Bindemann, Markus and Burton, A. Mike and Hooge, Ignace T.C. and Jenkins, Rob and De Haan, Edward H. F. (2005) Faces retain attention. Psychonomic Bulletin & Review, 12 (6). pp. 1048-1053. ISSN 1069-9384. (The full text of this publication is not currently available from this repository. You may be able to access a copy if URLs are provided)
In the present study, we investigated whether faces have an advantage in retaining attention over other stimulus categories. In three experiments, subjects were asked to focus on a central go/no-go signal before classifying a concurrently presented peripheral line target. In Experiment 1, the go/no-go signal could be superimposed on photographs of upright famous faces, matching inverted faces, or meaningful objects. Experiments 2 and 3 tested upright and inverted unfamiliar faces, printed names, and another class of meaningful objects in an identical design. A fourth experiment provided a replica- tion of Experiment 1, but with a 1,000-msec stimulus onset asynchrony between the onset of the cen- tral face/nonface stimuli and the peripheral targets. In all the experiments, the presence of an upright face significantly delayed target response times, in comparison with each of the other stimulus cat- egories. These results suggest a general attentional bias, so that it is particularly difficult to disengage processing resources from faces.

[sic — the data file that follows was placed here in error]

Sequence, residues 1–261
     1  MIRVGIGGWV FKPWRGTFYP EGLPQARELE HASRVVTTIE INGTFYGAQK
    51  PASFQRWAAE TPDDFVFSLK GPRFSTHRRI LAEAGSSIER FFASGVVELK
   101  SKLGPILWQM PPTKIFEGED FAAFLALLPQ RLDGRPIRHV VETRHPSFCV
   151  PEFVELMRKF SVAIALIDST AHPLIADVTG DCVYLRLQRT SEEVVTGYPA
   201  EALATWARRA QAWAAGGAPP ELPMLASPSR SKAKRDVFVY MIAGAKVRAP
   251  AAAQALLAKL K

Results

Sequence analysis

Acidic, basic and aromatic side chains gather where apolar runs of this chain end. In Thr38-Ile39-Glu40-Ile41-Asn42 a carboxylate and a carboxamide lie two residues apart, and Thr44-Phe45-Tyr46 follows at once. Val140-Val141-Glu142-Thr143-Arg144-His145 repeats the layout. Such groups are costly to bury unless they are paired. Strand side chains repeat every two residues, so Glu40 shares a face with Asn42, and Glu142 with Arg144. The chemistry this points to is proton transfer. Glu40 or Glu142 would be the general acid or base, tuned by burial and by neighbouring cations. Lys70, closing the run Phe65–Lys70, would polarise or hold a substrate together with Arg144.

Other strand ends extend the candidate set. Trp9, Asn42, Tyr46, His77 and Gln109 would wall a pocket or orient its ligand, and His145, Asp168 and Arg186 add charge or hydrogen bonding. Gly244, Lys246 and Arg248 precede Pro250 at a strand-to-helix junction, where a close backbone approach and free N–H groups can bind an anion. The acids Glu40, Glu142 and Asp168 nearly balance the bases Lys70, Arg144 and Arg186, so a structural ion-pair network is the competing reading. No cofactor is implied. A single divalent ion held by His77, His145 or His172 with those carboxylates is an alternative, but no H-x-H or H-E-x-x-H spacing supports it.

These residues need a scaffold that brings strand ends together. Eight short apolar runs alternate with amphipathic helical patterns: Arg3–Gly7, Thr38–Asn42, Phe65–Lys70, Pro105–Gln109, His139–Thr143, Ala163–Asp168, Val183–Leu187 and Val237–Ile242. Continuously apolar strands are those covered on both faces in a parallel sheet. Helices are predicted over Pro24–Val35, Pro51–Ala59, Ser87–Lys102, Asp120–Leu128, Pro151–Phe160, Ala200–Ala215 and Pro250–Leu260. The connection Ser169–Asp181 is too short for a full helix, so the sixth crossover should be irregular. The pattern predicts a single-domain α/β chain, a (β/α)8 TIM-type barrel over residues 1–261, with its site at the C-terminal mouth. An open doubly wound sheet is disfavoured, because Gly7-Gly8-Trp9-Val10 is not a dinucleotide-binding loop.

|Subjects:||B Philosophy. Psychology. Religion > BF Psychology|
|Divisions:||Faculties > Social Sciences > School of Psychology|
|Depositing User:||Markus Bindemann|
|Date Deposited:||05 Jan 2011 17:23|
|Last Modified:||10 Jul 2014 14:59|
|Resource URI:||https://kar.kent.ac.uk/id/eprint/26196 (The current URI for this page, for reference purposes)|